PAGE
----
Abstract: TH-PO410

Factors Affecting Plasma Linoleic Acid in CKD

Session Information

Category: Nutrition, Inflammation, and Metabolism

  • 1401 Nutrition, Inflammation, Metabolism

Authors

  • Sikorska-Wisniewska, Malgorzata, Medical University of Gdansk, Gdansk, Poland
  • Mika, Adriana, University of Gdansk, Gdansk, Poland
  • Sledzinski, Tomasz, Medical University of Gdansk, Gdansk, Poland
  • Debska-Slizien, Alicja, Medical University of Gdansk, Gdansk, Poland
  • Chmielewski, Michal, Medical University of Gdansk, Gdansk, Poland
Background

Previous studies have shown that plasma linoleic acid (LA, 18:2n-6) is inversely associated with inflammatory markers and all-cause mortality in dialysis patients. The purpose of the present evaluation was to assess plasma LA percentage content in chronic kidney disease (CKD) subjects, and to evaluate factors that could affect it.

Methods

The study included a cohort of 224 participants, comprised of a group of controls free from any kidney disease (n=54), CKD stage 3-5 patients (n=86), dialysis subjects (n=60), and transplanted patients (n=24). LA amount was analyzed by gas chromatography with a mass spectrometer detector, and expressed as percentage of total fatty acids of serum lipids. Intake of products rich in LA (nuts, seeds) was evaluated with a validated FFA-6 questionnaire.

Results

LA content decreased with CKD, as it equalled 26.2 ± 0.5% in controls, 24.2 ± 0.4% in CKD stage 3-5 patients, 22.6 ± 0.5% in dialysis subjects, and 24.2 ± 0.8 in kidney transplant recipients (ANOVA F = 7.75; p<0.001). As in previous studies, chronic inflammation, defined here as a persistently elevated hsCRP > 5 mg/L, was associated with decreased plasma LA, as compared to the group with hsCRP within the normal range (22.7 ± 3.6% vs. 25.1 ± 4.1%; p < 0.001). LA content was also inversely correlated with age and BMI. Ingestion of nuts and seeds showed a considerable linear relationship with the plasma LA content (Sperman rho = 0.22; p<0.05). Nevertheless, CKD turned out as an independent predictor of serum LA content, following adjustment for the abovementioned confounders (adjusted R2 = 0.19; p<0.01).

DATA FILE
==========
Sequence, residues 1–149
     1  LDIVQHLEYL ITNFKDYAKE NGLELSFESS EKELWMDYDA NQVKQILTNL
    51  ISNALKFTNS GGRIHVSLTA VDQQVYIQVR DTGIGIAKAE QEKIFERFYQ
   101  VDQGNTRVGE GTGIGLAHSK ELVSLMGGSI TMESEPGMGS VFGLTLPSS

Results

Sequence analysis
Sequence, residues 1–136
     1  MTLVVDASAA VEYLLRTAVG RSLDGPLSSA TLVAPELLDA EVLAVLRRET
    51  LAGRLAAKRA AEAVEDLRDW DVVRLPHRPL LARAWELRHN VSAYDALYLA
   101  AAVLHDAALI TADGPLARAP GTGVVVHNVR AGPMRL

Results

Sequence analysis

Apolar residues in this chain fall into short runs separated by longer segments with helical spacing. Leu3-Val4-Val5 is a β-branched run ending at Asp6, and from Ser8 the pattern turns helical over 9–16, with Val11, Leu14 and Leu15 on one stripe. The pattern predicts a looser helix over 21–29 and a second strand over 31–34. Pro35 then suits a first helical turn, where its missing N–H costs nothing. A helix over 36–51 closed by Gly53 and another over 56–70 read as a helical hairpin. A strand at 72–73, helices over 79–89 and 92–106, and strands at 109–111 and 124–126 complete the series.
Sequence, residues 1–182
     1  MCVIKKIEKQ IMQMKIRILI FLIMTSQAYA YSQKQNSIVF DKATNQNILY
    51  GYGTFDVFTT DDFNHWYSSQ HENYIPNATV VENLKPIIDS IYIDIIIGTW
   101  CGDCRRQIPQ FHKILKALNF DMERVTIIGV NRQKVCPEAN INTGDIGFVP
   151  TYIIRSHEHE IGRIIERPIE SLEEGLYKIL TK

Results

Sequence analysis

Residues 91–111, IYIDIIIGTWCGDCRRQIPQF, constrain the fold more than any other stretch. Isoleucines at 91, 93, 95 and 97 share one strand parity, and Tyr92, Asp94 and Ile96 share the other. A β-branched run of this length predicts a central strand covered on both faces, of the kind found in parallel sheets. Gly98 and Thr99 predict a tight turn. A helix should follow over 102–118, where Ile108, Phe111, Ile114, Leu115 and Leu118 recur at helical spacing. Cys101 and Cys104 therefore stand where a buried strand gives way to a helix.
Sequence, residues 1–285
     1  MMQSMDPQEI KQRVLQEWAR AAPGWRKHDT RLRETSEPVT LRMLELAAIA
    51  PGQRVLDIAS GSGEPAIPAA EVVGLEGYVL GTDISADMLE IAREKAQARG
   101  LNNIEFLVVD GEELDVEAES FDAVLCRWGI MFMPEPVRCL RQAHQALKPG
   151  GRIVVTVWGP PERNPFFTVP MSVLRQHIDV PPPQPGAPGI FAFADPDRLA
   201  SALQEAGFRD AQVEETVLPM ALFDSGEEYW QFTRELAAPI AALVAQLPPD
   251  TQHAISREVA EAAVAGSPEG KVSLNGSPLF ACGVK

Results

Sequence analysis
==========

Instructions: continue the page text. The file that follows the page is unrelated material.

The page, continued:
Conclusion

Serum LA content is decreased in the course of CKD. Taking into account the potential impact of low LA on mortality, increased intake of products reach in this essential fatty acid could be of benefit for CKD patients.

Funding

  • Government Support - Non-U.S.